Astoria’s Crescent Street Bike Lane Is Having Its Own Bike Boom
A cyclist count shows that once-controversial lane is a resounding success.
They built it — and they came.
The year-old Crescent Street protected bike lane, a two-way, 1.8-mile route connecting the Triboro and Queensboro bridge in Astoria, has been mobbed with riders since it debuted last October, according to data collected by a local activist.
About two cyclists on average pedaled past a counter placed along the crucial north-south route every minute — with the one-day record of 2,300 trips set on a day in September, said Macartney Morris, who set up a camera to count the bikers last December.
The results show that the citywide bike boom that began last year has only grown in the places where the Department of Transportation has established life-saving infrastructure. It also puts to lie the naysayers who opposed the bike lane, claiming that industrial areas such as those surrounding Crescent Street would not draw a sufficient numbers of cyclists. Indeed, in 2019, local Assembly Member Cathy Nolan outrageously suggested that biking should be banned on Crescent Street and similar roads because of truck traffic in the area.
Last November, only a month after the bike lane was installed, the driver of a massive beer-distribution truck fatally struck 35-year-old scooter rider Alfredo Cabrera Liconia on Crescent Street near Astoria Boulevard. But despite the sharp spike in the number of bikers, the number of crashes has fallen, showing the safety effect of the lane, according to data from the city compiled on Crash Mapper.
Before the installation of the protected bike lane, from June to October 2019, 67 crashes occurred on the street, causing 13 injuries, including to three cyclists and one pedestrian. In 2020, during the same four-month period, there were 27 crashes — a 60-percent drop — causing five total injuries. And this year, from June to October, there were 26 total crashes, causing 10 injuries, including to four cyclists and three pedestrians, according to the data. The city had installed a temporary bike lane in May 2020.
Morris said he and his husband first set up a camera outside their home on Crescent Street near 31st Avenue last December, collecting about a year’s worth of data using a software program, Camlytics, which uploaded the number of bikers who traversed the protected bike lane in each direction onto a spreadsheet. The results showed exactly what bike advocates had hoped: More people will choose to bike if given a safe route.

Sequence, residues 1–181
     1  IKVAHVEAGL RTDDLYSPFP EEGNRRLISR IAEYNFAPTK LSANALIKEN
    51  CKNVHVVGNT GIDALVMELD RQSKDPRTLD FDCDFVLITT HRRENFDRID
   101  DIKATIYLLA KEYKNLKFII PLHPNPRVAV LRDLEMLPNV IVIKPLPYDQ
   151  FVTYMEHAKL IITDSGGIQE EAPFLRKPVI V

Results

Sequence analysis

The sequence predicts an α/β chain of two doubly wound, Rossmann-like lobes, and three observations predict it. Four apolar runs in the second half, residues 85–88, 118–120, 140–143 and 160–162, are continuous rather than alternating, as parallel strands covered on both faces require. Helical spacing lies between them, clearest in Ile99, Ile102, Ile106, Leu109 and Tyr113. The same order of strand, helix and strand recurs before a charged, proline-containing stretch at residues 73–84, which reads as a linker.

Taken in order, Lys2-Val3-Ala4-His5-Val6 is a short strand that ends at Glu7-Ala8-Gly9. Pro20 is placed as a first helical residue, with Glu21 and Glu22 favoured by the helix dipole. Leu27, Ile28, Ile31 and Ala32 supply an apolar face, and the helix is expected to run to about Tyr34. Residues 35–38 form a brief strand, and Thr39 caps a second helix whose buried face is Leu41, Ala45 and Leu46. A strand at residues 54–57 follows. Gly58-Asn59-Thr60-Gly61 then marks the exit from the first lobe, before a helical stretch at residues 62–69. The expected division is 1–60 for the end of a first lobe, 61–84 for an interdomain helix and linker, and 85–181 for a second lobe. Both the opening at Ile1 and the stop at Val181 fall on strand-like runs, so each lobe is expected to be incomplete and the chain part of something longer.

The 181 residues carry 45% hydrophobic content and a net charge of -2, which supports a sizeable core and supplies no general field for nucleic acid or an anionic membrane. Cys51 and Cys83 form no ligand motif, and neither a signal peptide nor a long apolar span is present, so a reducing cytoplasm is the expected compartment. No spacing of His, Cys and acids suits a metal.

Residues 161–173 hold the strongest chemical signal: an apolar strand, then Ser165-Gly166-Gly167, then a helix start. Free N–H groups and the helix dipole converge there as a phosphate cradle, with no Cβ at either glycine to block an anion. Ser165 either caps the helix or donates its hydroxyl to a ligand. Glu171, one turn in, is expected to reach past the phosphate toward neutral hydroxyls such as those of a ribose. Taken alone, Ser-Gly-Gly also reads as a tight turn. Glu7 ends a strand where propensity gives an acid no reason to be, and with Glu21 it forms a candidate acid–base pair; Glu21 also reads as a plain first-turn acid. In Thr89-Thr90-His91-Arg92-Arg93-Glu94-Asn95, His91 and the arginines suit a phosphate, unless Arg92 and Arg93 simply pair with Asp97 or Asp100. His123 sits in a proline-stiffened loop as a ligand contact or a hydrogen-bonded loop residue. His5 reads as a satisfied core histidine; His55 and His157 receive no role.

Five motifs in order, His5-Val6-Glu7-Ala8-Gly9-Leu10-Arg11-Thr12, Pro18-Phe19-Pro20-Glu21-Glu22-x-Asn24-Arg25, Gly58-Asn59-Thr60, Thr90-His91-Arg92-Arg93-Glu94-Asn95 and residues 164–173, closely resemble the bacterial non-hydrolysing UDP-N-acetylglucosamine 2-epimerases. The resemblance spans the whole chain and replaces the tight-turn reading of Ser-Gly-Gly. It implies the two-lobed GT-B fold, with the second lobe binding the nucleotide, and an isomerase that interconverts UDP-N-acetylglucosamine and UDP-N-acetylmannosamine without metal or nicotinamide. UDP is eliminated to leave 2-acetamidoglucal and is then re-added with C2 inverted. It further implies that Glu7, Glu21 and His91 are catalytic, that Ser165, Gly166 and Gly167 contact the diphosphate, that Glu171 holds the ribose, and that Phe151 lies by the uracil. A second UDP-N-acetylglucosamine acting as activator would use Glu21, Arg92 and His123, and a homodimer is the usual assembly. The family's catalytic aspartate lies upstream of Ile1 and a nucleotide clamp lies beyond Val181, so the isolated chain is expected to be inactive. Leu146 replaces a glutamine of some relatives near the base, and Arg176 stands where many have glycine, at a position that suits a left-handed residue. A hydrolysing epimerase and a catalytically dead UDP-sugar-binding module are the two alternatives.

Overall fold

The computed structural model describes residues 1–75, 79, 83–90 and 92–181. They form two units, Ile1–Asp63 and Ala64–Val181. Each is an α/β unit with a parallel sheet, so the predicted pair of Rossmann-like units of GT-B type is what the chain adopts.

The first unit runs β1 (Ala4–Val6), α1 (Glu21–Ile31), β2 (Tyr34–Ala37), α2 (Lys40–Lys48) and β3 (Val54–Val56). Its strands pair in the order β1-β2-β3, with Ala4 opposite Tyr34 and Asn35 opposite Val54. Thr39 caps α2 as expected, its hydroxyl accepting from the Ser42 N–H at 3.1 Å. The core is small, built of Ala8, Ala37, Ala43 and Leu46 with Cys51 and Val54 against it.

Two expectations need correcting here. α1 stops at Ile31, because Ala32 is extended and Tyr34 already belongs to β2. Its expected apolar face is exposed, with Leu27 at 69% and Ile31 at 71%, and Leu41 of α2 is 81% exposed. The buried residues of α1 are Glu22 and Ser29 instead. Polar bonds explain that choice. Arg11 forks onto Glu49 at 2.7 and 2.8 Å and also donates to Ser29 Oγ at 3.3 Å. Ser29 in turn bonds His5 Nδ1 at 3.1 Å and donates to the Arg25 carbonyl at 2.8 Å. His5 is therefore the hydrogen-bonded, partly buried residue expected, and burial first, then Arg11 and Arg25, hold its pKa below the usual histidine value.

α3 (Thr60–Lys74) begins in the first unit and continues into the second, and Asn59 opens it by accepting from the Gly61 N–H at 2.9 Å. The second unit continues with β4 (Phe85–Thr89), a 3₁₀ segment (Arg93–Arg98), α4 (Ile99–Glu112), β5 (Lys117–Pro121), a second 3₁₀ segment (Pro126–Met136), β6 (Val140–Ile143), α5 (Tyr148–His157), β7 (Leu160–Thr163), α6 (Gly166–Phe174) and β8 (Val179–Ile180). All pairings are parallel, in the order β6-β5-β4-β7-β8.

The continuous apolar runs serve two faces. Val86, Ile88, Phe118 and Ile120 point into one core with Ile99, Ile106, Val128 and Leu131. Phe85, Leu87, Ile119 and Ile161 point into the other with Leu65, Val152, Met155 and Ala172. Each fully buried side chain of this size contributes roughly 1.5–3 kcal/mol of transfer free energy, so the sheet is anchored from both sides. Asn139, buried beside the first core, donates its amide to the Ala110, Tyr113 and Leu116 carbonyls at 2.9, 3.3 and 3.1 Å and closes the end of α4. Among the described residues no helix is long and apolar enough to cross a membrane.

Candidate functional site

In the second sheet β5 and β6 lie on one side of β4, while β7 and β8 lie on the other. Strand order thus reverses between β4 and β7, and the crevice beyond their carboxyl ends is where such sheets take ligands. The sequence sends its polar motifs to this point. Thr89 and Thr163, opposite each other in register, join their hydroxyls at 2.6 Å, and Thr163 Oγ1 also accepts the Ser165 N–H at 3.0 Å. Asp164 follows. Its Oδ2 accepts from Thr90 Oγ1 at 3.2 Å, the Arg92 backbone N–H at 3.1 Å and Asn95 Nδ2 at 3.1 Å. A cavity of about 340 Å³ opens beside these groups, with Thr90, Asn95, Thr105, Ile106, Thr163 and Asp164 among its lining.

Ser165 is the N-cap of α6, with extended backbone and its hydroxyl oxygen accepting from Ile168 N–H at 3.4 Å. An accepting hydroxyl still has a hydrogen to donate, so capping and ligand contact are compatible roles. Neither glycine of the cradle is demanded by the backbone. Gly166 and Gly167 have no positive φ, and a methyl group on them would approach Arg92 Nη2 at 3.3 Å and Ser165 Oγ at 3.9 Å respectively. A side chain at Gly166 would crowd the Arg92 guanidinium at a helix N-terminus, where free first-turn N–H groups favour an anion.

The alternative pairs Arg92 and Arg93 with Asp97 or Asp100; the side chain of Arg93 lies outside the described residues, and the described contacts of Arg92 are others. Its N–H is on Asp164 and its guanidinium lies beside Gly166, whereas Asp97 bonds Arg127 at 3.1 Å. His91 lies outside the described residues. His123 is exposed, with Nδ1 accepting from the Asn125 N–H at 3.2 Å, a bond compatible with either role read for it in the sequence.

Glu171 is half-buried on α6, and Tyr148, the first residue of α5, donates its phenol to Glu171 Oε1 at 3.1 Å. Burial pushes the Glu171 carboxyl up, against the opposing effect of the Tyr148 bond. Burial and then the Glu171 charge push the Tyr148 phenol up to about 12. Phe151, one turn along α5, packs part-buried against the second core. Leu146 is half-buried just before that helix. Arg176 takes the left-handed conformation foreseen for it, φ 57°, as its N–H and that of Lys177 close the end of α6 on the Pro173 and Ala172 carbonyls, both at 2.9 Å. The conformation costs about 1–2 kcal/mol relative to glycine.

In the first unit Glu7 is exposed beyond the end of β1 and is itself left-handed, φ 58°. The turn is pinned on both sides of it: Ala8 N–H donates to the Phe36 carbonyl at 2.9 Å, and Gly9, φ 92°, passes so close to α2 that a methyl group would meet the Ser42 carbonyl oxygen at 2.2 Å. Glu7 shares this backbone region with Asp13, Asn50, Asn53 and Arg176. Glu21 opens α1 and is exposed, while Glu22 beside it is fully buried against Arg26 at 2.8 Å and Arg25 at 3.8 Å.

“I spent quite a few years advocating for what I thought would be successful, but the actual success has far exceeded what I imagined,” said Morris.
Yesterday was the last day of @NYC_DOT's so-called "#Biketober". It celebrated this self-created holiday by cancelling plans for protected bike lanes in Manhattan & Brooklyn. Meanwhile, the bike boom surged in Astoria on the Crescent Street bike lane.? https://t.co/qmsG7A32e3
— macartney (@macartney) November 1, 2021
Even during the winter, in conditions of rain, sleet, and snow — often when many delivery workers are the only ones on the road — an average of 600 bike trips were taken on Crescent Street. The number tripled this past summer, when an average of almost 1,000 trips occurred in each direction in September.
“Every month since it’s been implemented we continue to see sustained growth,” said Transportation Alternatives organizer and activist Juan Restrepo. “More people are learning about Crescent Street. Many people are getting into biking in Astoria or exploring new parts, and finding new routes to Manhattan.”
Morris spotlighted one day in October in order to show just how many people are relying on the safe route. During rush hour on Thursday, Oct. 14, from 6:26 to 6:41 p.m., Morris said he counted 74 bikes and scooters, two people jogging, 80 pedestrians, and 131 cars — a ratio of 131 motor vehicles to 156 sustainable transportation modes.
“Take a moment to let that sink in: There were more people biking and walking on Crescent Street than there were cars and trucks driving,” he said.
The data should be a wake-up call for the DOT, Morris said — proving that cyclists desperately need more safe routes, and especially a new east-west route to create a connective, accessible network across Queens.
“What’s so frustrating is that since the Crescent Street bike lane, which is such a huge amazing success, DOT has been MIA in northwestern Queens. The fact that they haven’t led with it for a second north-south or east-west route in Astoria is just criminal,” he said.
Morris’s data comes just days after the DOT reported that bike lanes, both those that are protected in some fashion and those that are simply painted, lessen the risk of cyclists becoming injured by 32 to 34 percent, respectively. But advocates criticized the report, arguing that the relatively small difference actually represents more than just numbers, because protected lanes help riders feel safe. Earlier DOT studies have showed that protected bike lanes have the support of 68 percent of voters (including majorities in all boroughs), and help close the gender gap in cycling by making female bikers feel safer on roads.
A spokesperson for DOT told Streetsblog that the city is working to expand the bike network in Astoria.
“We are actively working to further develop the Astoria bike lane network with both protected and conventional lanes with north-south and east-west connections. We are closely consulting with the community and stakeholders as these plans progress. We will have more details to release next year,” said Seth Stein.